In an effort to combat the Great Recession, the Federal Reserve embarked on an unprecedented program of quantitative easing (QE) — the large-scale purchase of financial assets using freshly created money. The idea was to lower interest rates, encourage spending and investment, and thereby boost growth and jobs. By late 2014, the Fed had added more than $3.5 trillion to its books — effectively quintupling the size of its balance sheet. But did it work? Did QE boost growth and jobs? Did it save the American economy from the abyss? Or did it merely sow the seeds of the next crisis? Join us as our expert panel debates one of the defining monetary policy issues of our time — the legacy of QE.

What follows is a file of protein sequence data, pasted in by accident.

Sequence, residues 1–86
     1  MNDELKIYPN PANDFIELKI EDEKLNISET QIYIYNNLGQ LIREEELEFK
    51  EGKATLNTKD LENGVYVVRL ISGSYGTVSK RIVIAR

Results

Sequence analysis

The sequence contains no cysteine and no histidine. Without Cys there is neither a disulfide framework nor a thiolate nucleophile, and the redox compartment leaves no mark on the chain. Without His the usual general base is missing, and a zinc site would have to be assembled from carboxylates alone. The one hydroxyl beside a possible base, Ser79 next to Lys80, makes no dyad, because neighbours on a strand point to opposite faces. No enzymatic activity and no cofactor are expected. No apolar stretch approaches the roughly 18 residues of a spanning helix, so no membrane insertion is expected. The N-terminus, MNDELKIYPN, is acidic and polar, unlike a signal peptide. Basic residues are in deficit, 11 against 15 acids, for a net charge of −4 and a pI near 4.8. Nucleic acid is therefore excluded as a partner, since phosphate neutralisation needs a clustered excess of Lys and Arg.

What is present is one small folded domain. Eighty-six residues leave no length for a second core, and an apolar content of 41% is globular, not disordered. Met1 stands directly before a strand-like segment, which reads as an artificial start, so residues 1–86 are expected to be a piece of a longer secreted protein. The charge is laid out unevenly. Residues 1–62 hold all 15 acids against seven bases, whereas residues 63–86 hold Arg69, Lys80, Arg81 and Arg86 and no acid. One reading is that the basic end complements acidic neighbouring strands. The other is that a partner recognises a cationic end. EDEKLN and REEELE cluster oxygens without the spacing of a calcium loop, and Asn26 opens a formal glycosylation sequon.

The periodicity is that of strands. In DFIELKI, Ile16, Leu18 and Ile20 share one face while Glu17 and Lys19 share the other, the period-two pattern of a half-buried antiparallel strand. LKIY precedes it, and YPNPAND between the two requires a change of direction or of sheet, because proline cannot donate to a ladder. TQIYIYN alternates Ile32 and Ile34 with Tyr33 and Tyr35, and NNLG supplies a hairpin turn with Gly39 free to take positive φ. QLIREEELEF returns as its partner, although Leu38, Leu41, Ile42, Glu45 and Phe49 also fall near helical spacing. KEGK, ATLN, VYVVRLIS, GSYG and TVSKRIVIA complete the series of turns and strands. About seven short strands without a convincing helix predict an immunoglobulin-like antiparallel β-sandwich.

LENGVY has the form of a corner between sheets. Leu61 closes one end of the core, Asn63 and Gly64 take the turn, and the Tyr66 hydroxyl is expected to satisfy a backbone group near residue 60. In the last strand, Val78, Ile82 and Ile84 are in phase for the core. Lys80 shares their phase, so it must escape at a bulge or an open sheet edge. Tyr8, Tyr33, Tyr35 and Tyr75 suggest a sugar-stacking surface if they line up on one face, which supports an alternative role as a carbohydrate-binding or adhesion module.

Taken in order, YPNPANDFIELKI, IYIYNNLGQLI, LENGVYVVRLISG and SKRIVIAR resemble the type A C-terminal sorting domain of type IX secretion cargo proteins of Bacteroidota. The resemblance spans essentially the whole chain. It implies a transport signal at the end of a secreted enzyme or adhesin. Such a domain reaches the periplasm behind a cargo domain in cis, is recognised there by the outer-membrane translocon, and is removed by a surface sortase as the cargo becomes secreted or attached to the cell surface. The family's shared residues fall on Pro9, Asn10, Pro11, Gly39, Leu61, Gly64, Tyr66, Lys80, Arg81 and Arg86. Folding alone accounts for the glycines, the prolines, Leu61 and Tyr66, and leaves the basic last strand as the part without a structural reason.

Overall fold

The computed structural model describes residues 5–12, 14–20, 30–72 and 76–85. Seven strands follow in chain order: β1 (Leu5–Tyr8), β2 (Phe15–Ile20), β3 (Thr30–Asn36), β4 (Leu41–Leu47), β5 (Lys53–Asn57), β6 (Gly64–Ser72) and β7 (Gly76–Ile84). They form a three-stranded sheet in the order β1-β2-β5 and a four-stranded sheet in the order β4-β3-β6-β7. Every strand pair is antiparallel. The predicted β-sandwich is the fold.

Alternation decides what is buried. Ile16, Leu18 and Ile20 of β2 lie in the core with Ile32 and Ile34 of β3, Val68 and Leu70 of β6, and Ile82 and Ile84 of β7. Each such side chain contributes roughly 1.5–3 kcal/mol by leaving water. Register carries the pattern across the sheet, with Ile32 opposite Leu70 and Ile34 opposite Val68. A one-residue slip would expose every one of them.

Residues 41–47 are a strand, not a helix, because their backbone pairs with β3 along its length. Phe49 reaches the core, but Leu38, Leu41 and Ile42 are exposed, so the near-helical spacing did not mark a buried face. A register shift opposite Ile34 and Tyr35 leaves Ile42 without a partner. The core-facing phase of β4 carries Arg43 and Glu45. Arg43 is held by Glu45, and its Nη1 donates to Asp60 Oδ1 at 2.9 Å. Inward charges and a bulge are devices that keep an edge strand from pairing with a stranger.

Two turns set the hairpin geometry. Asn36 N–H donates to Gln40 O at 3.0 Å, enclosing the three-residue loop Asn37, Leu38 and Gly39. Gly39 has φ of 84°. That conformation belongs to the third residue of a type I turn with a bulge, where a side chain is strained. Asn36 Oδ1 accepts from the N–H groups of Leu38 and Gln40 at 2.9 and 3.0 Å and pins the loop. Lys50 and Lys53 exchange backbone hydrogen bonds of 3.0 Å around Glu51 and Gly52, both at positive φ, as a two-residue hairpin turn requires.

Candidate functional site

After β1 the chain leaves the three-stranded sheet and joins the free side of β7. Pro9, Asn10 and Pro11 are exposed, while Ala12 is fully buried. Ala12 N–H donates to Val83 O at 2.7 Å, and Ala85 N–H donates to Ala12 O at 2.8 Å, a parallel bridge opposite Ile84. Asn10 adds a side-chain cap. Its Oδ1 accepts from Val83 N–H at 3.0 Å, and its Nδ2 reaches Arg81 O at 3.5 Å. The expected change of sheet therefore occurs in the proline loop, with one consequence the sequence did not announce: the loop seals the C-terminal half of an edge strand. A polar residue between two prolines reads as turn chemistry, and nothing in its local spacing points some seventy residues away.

Quantitative Easing: A Requiem
Featuring Daniel L. Thornton, Former Vice President and Economic Adviser, Federal Reserve Bank of St. Louis; Joseph E. Gagnon, Senior Fellow, Peterson Institute for International Economics; and Scott Sumner, Ralph G. Hawtrey Chair of Monetary Policy, the Mercatus Center at George Mason University; moderated by George Selgin, Director, Center for Monetary and Financial Alternatives, Cato Institute.